"Food is primal and primordial," says Hawker's executive chef Jeff Merkel.
Stepping foot into Hawker is transportive; you're no longer in bustling Kensington Market but a calm, almost sacred space where chef Jeff and his co-owner, Darshan Daurka, want to provide a sanctum of nourishment for everyone who walks through the door.
Creating a sense of hospitality is engrained in the ethos of Hawker; they want guests to come in, create memories, and have experiences at their tables; Hawker wants their diners to connect intimately with their food. The cuisine here can be defined as vegan or plant-based, but it is really reflective of naturalism -- their food is slow, and the goal is to connect folks to the earth, with the menu acting as an extension of nature. Behind the scenes, cooking is an artistic form of self-expression for the Hawker team, and they treat each dish like a work of art.
Hawker is co-owned by executive chef Jeff Merkel and Darshan Daurka. Jeff began his independent foray into the restaurant scene with a food truck in 2016, and by 2018 he had secured 291 Augusta Avenue for TVX (The Vegan Extremist). It was going great until the pandemic-era restrictions changed the restaurant landscape. It felt like he was pouring his entire soul into keeping TVX floating while getting absolutely nothing in return. In the last February lockdown, Jeff closed up TVX with no intention of cooking again; he pivoted into woodworking until food started calling him back. This time, he wouldn't return unless he had a partner (after being a sole proprietor for six years). He reunited with Darshan, a previous customer and now co-owner (and quite often the front-of-house), and Leah, now head chef, and together they launched Hawker.
TVX was a curry house, and chef Jeff is continually inspired by the flavour profiles in South Asian cuisine. He grew up eating a lot of diverse food from his childhood in Singapore, and that was engrained into his cooking style. Even dishes that appear to have no discernable South Asian profiles still have influence from that region via the ingredients used. That's not to say they aren't also using a lot of locally sourced products like birch syrup, spruce tips, sweet fern and even chaga tea. They want to utilize Ontario-found ingredients to emote different flavours and get people acquainted with the unfamiliar of our home environment.
The naturalism spreads into the interiors as well; entering into the restaurant is like being welcomed into a warm cave with soft candles sitting on a handful of intimate tables, tree-fibre tapestries, Spanish moss, and dried wild sage as the eye-catching décor. They have a front patio sitting on one of the busiest streets of Kensington Market, an open kitchen where you can request to sit at the chef's bar to view your food being prepared and a stunning private back patio where the wood furnishings and warm lanterns act as a perfect backdrop to a summer dinner. Everything from the handmade ceramics to the warm natural tones has been thoughtfully curated.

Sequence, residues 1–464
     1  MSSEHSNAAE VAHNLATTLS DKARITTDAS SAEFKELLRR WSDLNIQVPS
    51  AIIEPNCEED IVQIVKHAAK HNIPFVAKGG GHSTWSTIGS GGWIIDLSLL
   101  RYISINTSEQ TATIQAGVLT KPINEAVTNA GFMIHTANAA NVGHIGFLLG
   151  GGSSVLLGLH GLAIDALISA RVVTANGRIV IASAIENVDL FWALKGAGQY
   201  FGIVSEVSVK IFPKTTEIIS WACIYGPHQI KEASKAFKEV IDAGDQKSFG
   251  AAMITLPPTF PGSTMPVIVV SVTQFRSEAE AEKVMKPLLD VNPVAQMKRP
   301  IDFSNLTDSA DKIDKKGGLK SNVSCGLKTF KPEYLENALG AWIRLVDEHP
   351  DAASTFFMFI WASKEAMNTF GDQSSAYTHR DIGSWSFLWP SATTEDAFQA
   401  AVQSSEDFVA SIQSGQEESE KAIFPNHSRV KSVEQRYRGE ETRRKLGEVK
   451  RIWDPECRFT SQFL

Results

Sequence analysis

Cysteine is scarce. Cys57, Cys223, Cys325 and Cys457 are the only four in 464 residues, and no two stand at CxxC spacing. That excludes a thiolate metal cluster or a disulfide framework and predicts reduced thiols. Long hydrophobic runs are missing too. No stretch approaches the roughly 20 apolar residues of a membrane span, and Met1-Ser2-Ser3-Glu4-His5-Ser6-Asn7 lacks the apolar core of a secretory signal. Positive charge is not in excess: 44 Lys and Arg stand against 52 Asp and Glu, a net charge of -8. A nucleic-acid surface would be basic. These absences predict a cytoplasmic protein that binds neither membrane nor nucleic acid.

The Creek Bed is squash that's paired with spruce tips and topped with sage milk and spiced oil; the dish evokes natural scenes to bring people back to a place of connection with nature; it's perfect for autumn.
Perhaps the crown jewel of the current menu and one of chef Jeff's favourite dishes, God's Work uses runner beans or romano beans, (long thin green bean that are meaty and textural), with cream of pine nuts and a pâté of red pepper that are cooked down for 2-4 hours until they're caramelized.
The Reap/Sow is a simple daal and raita; the raita is made out of fermented cashew and topped with mint oil and pomegranate, served with a side of roti (they call it roti here because of how it's prepared, but it has the structural and texture profile of naan).
This dish is a warm salad of radicchio with a dressing of fermented cashew and a red-pepper oil (from the paste that Hawker makes for God's Work, they separate the oil from the paste and use it for the salad dressing) and top it with fresh marjoram.
Called the Starry Night, this dish is a simple biriyani with cashews and two different sauces; smoked poblano paste/crema and topped with lavender oil tableside.
Called Bushfire on the menu, Think: baingan bharta; eggplant is smoked with rosemary ahead of time (and smoked table-side for showmanship), then topped with Mexican oregano and served with Hawker's roti/naan.
It's hard not to order this when you see another table get it; the Repentance cocktail is comprised of oat milk infused with sage and locally foraged sweet fern, then topped with beet juice and mixed with whisky. You can get this drink virgin as well, which is my personal favourite drink on the menu.
Hawker's stunning and most popular cocktail, the Resonance is floral and fruity, with strawberry, lavender and earl grey being the main notes. They freshly juice strawberries, infuse cold brew with earl grey and simple lavender syrup, then add tequila.
The Atonement is Hawker's take on an espresso martini; it's more like an iced coffee infused with rose and black cardamom. It's very different from a typical espresso martini with softer, more subtle flavours.
Hawker's current menu, part of which is described above, might not be as permanent of a fixture as we think. Chef Jeff is currently fleshing out a potential tasting menu, look out for updates on their Instagram.
Hawker has also recently launched a Sunday brunch menu which is available from 12 p.m. to 4:30 p.m. for $35; it's a set menu that will feature some new items like chai and chole, only available for brunching!
You can go through an entire day and feel completely uprooted between your office job and your phone, and then this little window of fantastic food appears and it brings you back to consciousness. Go to Hawker with a loved one, and allow yourself to be recalibrated for the moment over a warm meal.